Somalia registers record 39 candidates for presidential vote
Somalia has registered a record 39 candidates for the presidential elections on May 15, a parliamentary committee tasked with organising the long-delayed polls in the fragile Horn of Africa nation said Tuesday.
The election is well over a year behind schedule, marred by deadly violence and a power struggle between President Mohamed Abdullahi Mohamed, better known as Farmajo, and Prime Minister Mohamed Hussein Roble.
Lawmakers and senators will choose the next head of state inside Mogadishu's heavily-guarded airport complex in the country battling a decade-long Islamist insurgency.
The candidates include two previous presidents, Hassan Sheikh Mohamud (2012-2017) and Sharif Sheikh Ahmed (2009-2012) as well as former prime minister, Hassan Ali Khaire (2017-2020).
Puntland region president Said Abdullahi Dani and a former foreign minister who also served as deputy minister, Fawzia Yusuf Adan (2012-2014) are also among those who have registered their candidacy.
The winning candidate must secure the backing of two-thirds of the deputies and senators, which means a minimum of 184 votes.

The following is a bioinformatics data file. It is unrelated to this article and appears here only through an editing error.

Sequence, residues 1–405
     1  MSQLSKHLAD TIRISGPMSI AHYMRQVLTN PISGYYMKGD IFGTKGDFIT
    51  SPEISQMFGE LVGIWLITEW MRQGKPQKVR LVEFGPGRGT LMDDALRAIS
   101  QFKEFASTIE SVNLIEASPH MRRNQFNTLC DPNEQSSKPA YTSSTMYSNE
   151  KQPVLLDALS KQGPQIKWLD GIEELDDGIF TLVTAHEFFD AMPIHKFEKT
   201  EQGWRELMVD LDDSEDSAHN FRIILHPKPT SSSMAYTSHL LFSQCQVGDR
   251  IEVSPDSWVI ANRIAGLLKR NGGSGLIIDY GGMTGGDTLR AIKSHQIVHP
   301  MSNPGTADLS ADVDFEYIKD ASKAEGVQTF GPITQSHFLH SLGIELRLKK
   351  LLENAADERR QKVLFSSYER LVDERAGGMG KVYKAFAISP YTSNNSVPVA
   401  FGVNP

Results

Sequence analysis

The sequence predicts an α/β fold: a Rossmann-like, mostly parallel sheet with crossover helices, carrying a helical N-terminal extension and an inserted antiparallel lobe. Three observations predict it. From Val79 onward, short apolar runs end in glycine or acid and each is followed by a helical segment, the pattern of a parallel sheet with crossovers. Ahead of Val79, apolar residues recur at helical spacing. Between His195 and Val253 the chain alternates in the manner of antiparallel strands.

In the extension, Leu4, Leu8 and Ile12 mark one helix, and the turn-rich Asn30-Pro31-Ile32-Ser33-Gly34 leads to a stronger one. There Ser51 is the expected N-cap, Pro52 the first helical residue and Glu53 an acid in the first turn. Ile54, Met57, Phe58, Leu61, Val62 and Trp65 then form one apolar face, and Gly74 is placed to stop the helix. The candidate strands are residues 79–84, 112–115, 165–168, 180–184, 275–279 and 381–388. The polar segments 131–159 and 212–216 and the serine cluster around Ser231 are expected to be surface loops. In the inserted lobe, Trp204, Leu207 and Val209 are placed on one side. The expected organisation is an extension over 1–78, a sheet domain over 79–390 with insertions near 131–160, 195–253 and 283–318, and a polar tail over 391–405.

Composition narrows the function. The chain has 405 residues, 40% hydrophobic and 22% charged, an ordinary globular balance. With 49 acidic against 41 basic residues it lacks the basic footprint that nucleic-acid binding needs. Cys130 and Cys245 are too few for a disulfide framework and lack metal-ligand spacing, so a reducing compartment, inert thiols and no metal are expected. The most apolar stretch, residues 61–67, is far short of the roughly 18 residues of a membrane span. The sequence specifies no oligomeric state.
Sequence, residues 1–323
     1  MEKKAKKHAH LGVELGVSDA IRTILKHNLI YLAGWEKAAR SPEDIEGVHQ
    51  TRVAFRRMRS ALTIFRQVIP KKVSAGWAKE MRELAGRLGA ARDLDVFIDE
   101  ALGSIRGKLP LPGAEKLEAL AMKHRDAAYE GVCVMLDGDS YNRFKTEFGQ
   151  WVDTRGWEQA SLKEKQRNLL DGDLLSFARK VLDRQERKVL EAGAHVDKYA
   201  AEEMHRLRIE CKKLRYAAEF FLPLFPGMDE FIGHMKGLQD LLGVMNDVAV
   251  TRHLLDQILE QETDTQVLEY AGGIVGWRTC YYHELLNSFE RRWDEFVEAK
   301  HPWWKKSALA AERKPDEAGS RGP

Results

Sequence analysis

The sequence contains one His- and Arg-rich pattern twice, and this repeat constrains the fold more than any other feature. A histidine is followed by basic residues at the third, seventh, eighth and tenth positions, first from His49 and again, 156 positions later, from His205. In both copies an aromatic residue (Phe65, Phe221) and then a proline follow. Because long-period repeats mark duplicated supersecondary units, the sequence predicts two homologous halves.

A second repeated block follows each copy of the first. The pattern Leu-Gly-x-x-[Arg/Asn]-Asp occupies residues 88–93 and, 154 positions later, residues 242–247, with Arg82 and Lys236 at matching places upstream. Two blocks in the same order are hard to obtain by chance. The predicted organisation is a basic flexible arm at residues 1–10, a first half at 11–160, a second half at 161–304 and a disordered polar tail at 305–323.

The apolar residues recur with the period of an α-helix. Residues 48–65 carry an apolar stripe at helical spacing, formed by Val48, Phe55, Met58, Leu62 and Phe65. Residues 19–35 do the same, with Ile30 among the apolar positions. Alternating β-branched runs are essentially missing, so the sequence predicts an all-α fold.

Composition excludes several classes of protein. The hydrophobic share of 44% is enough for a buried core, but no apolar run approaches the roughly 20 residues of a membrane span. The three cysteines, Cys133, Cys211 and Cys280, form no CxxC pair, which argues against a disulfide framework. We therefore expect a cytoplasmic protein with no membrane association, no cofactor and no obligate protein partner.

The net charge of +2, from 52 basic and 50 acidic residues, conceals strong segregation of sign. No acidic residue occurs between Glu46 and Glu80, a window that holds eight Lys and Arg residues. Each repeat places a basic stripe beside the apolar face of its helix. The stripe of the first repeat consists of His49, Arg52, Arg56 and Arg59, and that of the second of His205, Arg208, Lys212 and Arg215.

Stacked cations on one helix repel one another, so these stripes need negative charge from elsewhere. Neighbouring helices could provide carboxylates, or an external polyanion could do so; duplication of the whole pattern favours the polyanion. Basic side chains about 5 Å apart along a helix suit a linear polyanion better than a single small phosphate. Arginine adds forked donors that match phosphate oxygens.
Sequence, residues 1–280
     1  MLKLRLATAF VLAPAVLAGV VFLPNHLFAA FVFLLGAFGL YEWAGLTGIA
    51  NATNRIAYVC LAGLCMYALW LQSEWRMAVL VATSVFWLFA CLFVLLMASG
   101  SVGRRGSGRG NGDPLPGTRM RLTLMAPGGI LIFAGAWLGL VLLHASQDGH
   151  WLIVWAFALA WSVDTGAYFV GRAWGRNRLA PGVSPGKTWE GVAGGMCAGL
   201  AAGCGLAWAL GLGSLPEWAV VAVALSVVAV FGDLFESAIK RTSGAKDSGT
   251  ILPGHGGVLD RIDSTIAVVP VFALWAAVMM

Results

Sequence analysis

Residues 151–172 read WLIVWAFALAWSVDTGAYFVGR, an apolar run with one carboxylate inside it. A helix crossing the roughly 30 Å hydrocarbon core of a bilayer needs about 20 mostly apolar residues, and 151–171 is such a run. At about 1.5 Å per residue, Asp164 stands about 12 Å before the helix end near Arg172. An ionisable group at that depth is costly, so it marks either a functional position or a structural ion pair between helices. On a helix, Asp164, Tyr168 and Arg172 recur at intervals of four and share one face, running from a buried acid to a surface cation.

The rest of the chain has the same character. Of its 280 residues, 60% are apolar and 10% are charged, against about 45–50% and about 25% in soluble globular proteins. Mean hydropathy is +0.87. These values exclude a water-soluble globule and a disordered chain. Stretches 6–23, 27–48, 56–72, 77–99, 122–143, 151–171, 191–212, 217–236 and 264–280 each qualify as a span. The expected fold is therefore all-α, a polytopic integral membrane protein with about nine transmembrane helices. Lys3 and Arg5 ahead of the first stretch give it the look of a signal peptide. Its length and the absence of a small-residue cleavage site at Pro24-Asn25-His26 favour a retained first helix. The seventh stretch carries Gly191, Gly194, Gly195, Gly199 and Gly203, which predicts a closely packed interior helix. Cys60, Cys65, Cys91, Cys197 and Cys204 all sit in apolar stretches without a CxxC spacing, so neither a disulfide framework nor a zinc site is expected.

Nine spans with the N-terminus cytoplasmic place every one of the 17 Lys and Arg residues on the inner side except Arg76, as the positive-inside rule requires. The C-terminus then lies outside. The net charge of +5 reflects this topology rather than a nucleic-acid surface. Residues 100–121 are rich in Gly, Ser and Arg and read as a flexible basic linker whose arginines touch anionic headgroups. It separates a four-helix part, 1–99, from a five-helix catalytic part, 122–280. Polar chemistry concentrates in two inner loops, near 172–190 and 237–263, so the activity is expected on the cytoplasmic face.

The election will finally end the long political crisis around the vote, postponed multiple times.
The US-China battle for influence in the Horn of Africa— The New Arab (@The_NewArab) March 29, 2022
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After Farmajo's term ended in February 2021 without a new vote taking place, he attempted to extend his rule by decree, triggering violent street battles in Mogadishu as rival factions clashed.
Following international pressure, he appointed Roble to seek consensus on a way forward. but the process progressed painfully slowly, stoking fears of further instability in the country.
On Tuesday, 30 of Somalia's international partners urged the country's leaders "to conclude this final stage of the electoral process swiftly, peacefully and credibly so that attention can turn to domestic and state-building priorities".
Those who signed the statement included the African Union and the Arab League as well as Western countries like the United States and Britain.
Arab states including Qatar, the United Arab Emirates and Saudi Arabia as well as Russia and Turkey also signed the statement.